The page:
Meet the Farmer Bakers! From Grain to Sourdough Bread!

EnvironmentFood and DietFood SovereigntyGrowing FoodPeople Doing Good / FeaturesSustainable Living

A sourdough bread made from one location—the garden and home. It really makes you think, doesn’t it? Bread from one source. A whole food. How many separate facilities are involved with the creation of a “normal” slice of bread? You’ve got the growers, the shippers, the millers … and that’s just the start! “Farmer Bakers” Ralph and Kim do it all themselves to make wholesome loaves an art form on the home craft front in France.

The two farmers sow thirteen heirloom varieties of wheat in their fields, each seed adapted to the region so that one shared result is that all plants require no irrigation because they are in their particular ecological niche. Choosing to work with seeds adapted to the climate and conditions makes a healthier plant and ultimately uses less resources and requires less work because the conditions for growth and health are naturally provided by nature. The variety of wheats not only makes for a tastier bread, but also lessens the burden on the land. Monocrops are notorious for attacks by pests and soil nutrient leaching. By choosing to plant a variety and planting just what they need for their own home enterprise, the farmers are protecting their harvest and their Earth.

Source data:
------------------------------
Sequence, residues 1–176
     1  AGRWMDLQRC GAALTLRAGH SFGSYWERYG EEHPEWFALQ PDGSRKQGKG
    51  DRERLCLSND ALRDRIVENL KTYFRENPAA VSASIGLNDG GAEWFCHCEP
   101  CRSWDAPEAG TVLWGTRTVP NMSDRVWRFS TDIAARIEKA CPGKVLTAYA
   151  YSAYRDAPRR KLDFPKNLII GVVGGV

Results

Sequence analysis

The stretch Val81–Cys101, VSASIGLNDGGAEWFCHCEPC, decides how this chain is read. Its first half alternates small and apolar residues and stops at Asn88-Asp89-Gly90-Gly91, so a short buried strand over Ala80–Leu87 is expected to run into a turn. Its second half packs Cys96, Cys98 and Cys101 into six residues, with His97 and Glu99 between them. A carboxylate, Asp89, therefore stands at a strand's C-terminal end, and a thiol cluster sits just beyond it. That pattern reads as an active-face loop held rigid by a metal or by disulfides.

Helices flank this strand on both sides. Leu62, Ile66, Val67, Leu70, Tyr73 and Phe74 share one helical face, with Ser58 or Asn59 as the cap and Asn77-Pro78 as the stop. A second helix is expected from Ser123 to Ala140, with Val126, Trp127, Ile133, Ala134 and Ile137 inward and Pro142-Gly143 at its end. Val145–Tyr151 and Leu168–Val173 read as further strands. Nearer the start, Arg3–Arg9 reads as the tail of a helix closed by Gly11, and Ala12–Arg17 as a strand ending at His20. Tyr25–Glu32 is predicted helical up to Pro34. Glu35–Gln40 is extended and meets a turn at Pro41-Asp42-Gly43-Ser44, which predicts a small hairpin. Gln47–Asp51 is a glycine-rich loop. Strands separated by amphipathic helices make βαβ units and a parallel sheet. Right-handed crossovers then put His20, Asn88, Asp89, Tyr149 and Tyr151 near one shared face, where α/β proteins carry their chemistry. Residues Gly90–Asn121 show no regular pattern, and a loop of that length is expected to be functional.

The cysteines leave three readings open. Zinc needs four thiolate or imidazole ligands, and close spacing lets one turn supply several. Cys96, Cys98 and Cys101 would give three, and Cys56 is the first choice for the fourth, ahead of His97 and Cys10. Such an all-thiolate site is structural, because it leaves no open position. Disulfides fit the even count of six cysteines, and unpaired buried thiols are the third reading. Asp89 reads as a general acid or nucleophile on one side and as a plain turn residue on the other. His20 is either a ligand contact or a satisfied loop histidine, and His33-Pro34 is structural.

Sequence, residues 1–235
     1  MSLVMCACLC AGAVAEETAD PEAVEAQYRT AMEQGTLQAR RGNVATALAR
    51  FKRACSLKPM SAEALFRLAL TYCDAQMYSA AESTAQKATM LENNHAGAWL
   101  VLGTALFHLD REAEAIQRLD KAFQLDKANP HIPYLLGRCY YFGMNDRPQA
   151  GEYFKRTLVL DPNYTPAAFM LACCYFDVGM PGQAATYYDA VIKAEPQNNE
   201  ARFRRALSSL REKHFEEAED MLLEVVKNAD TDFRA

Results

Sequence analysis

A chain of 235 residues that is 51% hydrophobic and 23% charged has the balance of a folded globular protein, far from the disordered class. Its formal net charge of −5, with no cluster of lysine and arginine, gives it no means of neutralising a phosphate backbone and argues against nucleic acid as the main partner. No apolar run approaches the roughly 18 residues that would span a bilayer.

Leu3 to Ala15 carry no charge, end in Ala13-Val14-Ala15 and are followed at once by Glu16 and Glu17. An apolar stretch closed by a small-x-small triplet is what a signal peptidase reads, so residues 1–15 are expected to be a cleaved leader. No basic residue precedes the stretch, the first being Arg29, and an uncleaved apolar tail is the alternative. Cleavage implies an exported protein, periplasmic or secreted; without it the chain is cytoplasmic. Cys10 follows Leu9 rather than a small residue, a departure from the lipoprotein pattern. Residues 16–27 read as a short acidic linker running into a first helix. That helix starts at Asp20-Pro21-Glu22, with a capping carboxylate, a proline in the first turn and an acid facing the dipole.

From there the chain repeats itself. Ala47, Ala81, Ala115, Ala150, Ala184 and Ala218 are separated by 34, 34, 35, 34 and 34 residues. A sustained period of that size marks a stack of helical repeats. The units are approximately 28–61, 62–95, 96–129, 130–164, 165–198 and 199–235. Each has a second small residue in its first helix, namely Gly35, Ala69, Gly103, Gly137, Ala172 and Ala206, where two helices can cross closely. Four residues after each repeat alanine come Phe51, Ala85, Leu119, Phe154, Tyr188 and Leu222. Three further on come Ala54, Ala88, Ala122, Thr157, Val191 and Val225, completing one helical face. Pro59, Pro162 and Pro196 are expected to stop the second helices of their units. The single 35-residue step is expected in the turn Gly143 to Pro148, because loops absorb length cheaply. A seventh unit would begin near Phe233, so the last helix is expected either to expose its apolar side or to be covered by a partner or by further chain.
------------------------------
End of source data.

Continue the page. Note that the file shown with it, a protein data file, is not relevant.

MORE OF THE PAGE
Eschewing pesticides and chemical fertilizers, the pair tend their plants naturally. The wheat is strong but delicate looking, healthy. With no chemical byproducts and no reason to pick a “sturdy” grain for shipping and shelf-life, with no shipping, with no bleaching, the pair have found the grain of heirloom varieties is more nutritious, tastier and easier to digest than modern industrial wheat. Smarter farming practices mean a product that is better for you, as well as better tasting.

After the grain is gathered, bakers Ralph and Kim mill the whole grains into flour by hand in a water process. The bread is also mixed, kneaded and baked by hand using a traditional method and recipe. Making these loaves is truly a hand-crafted, hands-on adventure! Ralph and Kim love the process, all of it, up to rolling the dough in grains at the end to give it that nubby texture.

The sourdough itself is made from a living culture. The sourdough culture pre-digests the grains, making it even healthier, for one reason by making it easier to digest and thus making it possible to absorb more nutrients. Wild yeast and bacteria is naturally present on the grains and in the air, so no added yeast is needed to make the bread rise.

In the end, the sourdough bread is sold to the community. This delicious food staple is proof that alternatives exist to the broken industrial food system. Ralph and Kim have found a way to make bread a true home craft, skipping the middlemen whose product can be truly middle of the road. This way, the pair of farmer/bakers know the quality of the grain they are using and can depend on the quality of the loaf every time. Which customers appreciate. The bread itself, purchased in person, helps their customers rethink their relationship with food experientially. To health and good taste.

Learn more and follow La Pelle Des Coyotes. They are part of the Grain&Sens community near Valence, France:

WebsiteFacebookInstagramYouTubeGrains&Sens website

Thank you to Guerrilla Foundation for funding this video of solutions.

This article was written by Elizabeth Drisko.

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